So, a quick wrapup of the last three or four days…
In Russia, Belgorod won the fifth and deciding match of the semi final series against Novisibirsk (report in Italian here). It seems to have been an even team performance with four players having more than 14 points, although 2.14m Musersky 7 blocks must have been important. Belgorod now plays Kazan in the finals starting on Saturday. It will be an interesting matchup with Kazan led by Lloy Ball, reputedly the world’s highest paid player, the marginal favourites.
To the surprise of a few people, including me, Haching won match 3 of the German finals 3-1 in Friedrichshafen in front of 4000 fans, thus breaking Friedrichshafen’s 30 match winning streak in the league. While Haching is certainly good enough to win a match, I thought they be more likely to win the second before being run over by the extra quality of Friedrichshafen. But as the German Mr. Volleyball (Burkhard Sude, more on him in a future post) once told me, “The game must first be played”. And so it must. With Haching going home on a roll for the fourth match it could be interesting. In the normal way of things, Friedrichshafen have a big advantage in the opposite position but if Georg Grozer makes 8 direct errors again (stats here) that advantage would be negated and the home crowd could just push them to a deciding match. The fourth match is on Wednesday and will be live on www.spobox.tv, where you can also see previous matches from the finals and also some VC Franken matches from earlier in the season.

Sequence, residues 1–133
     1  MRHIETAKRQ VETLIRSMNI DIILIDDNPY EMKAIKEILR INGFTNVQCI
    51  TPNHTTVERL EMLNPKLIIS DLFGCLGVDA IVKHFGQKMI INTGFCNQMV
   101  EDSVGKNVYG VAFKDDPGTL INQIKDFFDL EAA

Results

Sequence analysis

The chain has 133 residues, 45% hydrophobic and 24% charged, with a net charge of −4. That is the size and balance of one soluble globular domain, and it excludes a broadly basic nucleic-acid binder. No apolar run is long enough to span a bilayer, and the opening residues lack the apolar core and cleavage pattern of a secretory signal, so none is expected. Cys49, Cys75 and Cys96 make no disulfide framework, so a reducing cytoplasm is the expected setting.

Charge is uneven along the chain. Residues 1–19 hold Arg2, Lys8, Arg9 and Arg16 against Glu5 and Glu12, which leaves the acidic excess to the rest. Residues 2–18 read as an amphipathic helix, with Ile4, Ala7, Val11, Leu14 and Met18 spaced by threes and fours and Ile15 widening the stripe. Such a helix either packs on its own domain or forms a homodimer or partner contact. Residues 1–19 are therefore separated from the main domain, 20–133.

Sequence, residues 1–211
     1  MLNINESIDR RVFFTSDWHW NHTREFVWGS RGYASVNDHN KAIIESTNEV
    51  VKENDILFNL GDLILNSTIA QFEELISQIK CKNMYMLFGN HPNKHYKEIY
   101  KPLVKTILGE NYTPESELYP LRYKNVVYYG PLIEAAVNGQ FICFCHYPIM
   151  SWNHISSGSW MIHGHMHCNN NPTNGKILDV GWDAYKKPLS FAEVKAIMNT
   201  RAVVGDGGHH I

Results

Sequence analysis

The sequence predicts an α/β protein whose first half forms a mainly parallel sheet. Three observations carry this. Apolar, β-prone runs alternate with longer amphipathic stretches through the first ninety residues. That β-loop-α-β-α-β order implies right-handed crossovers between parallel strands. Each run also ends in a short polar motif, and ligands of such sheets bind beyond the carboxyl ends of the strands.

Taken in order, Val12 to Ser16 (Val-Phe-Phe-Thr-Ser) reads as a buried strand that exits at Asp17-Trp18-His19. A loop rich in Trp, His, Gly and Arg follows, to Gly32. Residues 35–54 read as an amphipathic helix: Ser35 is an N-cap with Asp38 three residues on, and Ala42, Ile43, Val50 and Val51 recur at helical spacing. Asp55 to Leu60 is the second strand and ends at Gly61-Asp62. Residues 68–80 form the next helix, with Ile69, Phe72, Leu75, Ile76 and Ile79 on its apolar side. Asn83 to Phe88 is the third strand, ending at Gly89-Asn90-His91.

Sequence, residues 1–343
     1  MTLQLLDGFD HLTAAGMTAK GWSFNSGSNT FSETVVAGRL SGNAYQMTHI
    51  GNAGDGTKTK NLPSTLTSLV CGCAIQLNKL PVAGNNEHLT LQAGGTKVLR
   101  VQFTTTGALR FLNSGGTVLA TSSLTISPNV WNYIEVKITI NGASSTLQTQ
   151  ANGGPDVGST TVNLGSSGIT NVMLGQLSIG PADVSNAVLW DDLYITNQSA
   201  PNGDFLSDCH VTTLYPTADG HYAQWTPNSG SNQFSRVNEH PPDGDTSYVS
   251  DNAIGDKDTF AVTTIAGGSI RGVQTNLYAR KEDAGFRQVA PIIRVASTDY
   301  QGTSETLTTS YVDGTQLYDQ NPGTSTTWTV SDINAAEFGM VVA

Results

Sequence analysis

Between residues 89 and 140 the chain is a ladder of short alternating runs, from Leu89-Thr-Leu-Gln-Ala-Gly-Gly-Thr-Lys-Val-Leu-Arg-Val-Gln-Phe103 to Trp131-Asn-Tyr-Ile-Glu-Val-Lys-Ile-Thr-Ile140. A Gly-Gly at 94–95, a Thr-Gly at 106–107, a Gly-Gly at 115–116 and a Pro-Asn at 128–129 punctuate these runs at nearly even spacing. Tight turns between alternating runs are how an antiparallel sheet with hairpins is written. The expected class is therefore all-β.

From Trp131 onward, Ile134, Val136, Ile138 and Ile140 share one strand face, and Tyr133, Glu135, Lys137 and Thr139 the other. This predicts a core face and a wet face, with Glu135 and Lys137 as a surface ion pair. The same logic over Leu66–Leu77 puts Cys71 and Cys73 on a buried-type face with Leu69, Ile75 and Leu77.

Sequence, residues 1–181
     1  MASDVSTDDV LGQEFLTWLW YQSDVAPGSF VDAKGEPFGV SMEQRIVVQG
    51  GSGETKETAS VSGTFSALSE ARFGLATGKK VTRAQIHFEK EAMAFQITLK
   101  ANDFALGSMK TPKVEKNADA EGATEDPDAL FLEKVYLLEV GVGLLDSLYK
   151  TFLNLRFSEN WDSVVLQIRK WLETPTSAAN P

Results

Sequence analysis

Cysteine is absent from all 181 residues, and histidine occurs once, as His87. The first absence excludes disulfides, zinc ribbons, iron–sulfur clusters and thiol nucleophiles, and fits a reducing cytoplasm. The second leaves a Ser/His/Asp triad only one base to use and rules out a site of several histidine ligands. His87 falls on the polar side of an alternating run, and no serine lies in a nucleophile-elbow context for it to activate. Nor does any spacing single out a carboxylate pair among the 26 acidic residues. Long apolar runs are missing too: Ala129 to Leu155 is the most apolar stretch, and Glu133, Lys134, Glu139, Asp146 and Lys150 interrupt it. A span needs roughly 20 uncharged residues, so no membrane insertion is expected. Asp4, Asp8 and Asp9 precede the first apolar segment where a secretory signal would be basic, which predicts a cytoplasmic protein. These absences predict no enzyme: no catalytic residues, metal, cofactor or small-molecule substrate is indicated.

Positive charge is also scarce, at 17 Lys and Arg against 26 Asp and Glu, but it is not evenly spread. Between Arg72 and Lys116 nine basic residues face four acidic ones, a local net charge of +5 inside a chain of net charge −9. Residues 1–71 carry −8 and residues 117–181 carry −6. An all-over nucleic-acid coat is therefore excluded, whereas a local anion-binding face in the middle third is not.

In the first match of the finals in Greece, Liberman Agamez (26 points with 6 aces) didn’t make Ivan Miljkovic (26 points, 65% attack) his bitch, but with Guillaume Samica’s 21 points helped Panathinaikos overcome a 2-6 deficit in the fifth set and win the first match of the series. There are no reports of riots or near riots, but that could be just that it isn’t news worthy. The report is here.
In Belgium, one of the closest Championships battles I can remember played out with Roeselare (Ben Hardy’s ex team) beating Maaseik in the fifth match. Every match was won by the home team and the first four matches were five setters. In the final match, Ivan Contreras led Roeselare with 26 points and and reports of contentious refereeing decision near the end has me easily picturing the Maaseik coach going crazy. The Italian match report is here.